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  • In August, President Biden encouraged states to use Medicaid funds to expand abortion access.
  • But no states have taken him up on it due to logistics challenges and a daunting legal challenge.

The Biden administration is scrambling to expand abortion access as it becomes precarious for millions of Americans. But not all of its strategies have taken hold.

As midterm elections approach, even a Democratic majority in the House and Senate might not be enough to preserve abortion access.

In the meantime, Biden took a swing at it. An August executive order sought to encourage states with more permissive abortion laws to use Medicaid to fund travel for people from states where abortion is prohibited. But many states view the approach as too complicated to attempt and legally dubious — if they’re interested in expanding access at all — according to a report by Politico after the publication contacted Medicaid agencies in 24 states where abortion is legal.

Agencies in ten states said they haven’t decided whether to apply, two are waiting for additional federal guidance, one is not pursuing the policy, and 11 states did not respond to requests for comment, Politico said.

In addition to the Medicaid policy, the Biden administration has made several other efforts to expand abortion access across the country since the Supreme Court overturned Roe v. Wade in June. The White House challenged Idaho’s near-total abortion ban, for instance, arguing that it violates federal law by preventing medical providers from offering emergency treatment.

The administration has also called upon pharmacists to continue prescribing medications that might be used to cause an abortion even in states that have banned the procedure, and has warned tech companies against the misuse of personal data that could expose abortion seekers. But ultimately, a substantial expansion of abortion access would have to be achieved by Congressional action — or happen at the state level.

A strong performance by Democrats in the midterms this fall might make it possible for the party to maneuver around the Senate’s filibuster rule and get a law passed. But even if this happens, the Supreme Court could strike it down, Mary Ziegler, a law professor at UC Davis, told Insider.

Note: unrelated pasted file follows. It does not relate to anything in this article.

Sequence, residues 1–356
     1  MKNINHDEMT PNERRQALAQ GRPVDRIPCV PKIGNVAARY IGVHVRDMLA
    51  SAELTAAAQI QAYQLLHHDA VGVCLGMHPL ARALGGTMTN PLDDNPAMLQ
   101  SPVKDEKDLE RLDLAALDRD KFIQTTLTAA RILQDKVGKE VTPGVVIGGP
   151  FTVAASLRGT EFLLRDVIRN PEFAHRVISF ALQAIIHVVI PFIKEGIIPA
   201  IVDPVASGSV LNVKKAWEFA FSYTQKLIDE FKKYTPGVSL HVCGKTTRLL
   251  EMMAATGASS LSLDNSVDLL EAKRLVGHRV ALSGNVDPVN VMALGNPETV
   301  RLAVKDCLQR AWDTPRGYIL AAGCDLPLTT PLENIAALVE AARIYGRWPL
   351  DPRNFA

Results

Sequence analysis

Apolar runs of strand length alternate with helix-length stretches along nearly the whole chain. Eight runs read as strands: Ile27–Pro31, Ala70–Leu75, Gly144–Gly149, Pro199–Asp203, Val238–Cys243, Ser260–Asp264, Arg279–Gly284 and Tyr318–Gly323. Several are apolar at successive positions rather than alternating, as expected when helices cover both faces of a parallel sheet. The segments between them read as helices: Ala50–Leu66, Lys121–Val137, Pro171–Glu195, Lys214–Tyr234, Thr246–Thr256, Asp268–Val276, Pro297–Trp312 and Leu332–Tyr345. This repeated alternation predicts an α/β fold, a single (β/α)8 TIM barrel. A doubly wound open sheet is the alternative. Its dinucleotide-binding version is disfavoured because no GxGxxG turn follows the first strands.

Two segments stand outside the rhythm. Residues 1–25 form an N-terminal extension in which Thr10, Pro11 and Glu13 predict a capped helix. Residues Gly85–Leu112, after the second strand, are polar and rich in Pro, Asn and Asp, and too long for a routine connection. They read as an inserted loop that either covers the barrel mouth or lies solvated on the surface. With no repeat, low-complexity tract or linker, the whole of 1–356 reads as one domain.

Biden’s Medicaid path to abortion access is cumbersome and legally fraught

The key word in Biden’s plan to use Medicaid funds to expand access to abortion is “travel.” According to the Hyde Amendment, federal funds cannot be used for abortion procedures, so the Biden administration’s workaround is to have it help out with the cost of crossing state lines.

The reluctance of states to take advantage of the executive order represents a strategic disconnect between the federal government and pro-abortion-rights states. In many cases, states are unwilling to test legally murky waters.

“We’ve said, ‘Open door, you’ve got an idea, come to us,’ because we’re trying to help everyone we can in any way we can,” a senior health official anonymously told Politico. “But the reality is there is no silver bullet here.”

Instead, some states are finding it more straightforward, or at least safer, to use their own funds to help out-of-state residents obtain abortions rather than pursuing a complicated and slow Medicaid application, Politico reported.

It’s also possible that some states will eventually pursue the administration’s proposal, but are currently still reviewing it, as is the case for ten of the state Medicaid agencies Politico spoke with.

When the executive order was signed in August, White House press secretary Karine Jean-Pierre said it would “not violate” the Hyde Amendment, which has previously stymied attempts to use programs like Medicaid to fund abortions. The Biden administration struck the Hyde Amendment from its budget last year in a historic if symbolic and non-legally-binding move, as Congress would need to act to repeal the law. The potential for legal challenges are among the reasons states are hesitant to take the administration up on its offer.

“There’s no question that part of the challenge here is there are real limits to executive-branch authority,” Andrea Miller, the president of the National Institute for Reproductive Health, told Politico. “They continue to try to find creative solutions, and they also continue to butt up against the limits of their authority, and that’s frustrating for everyone.”

For this reason, passing a law that codifies abortion access is regarded as the most effective way to enshrine the right to choose.

By Ziegler’s estimation, the midterms are about Democrats “preventing things from getting worse” on the abortion front — which could happen if Republicans took control of Congress and passed a national abortion ban, she said.

In terms of expanding abortion access, Ziegler thinks state and local elections will matter just as much as the national election.

“If you look at how we got to where we are, a lot of it is states like Mississippi passing bans and experimenting,” she said. “It’s not really from the anti-abortion movement dominating in Congress and getting lots of abortion bans passed, right?”



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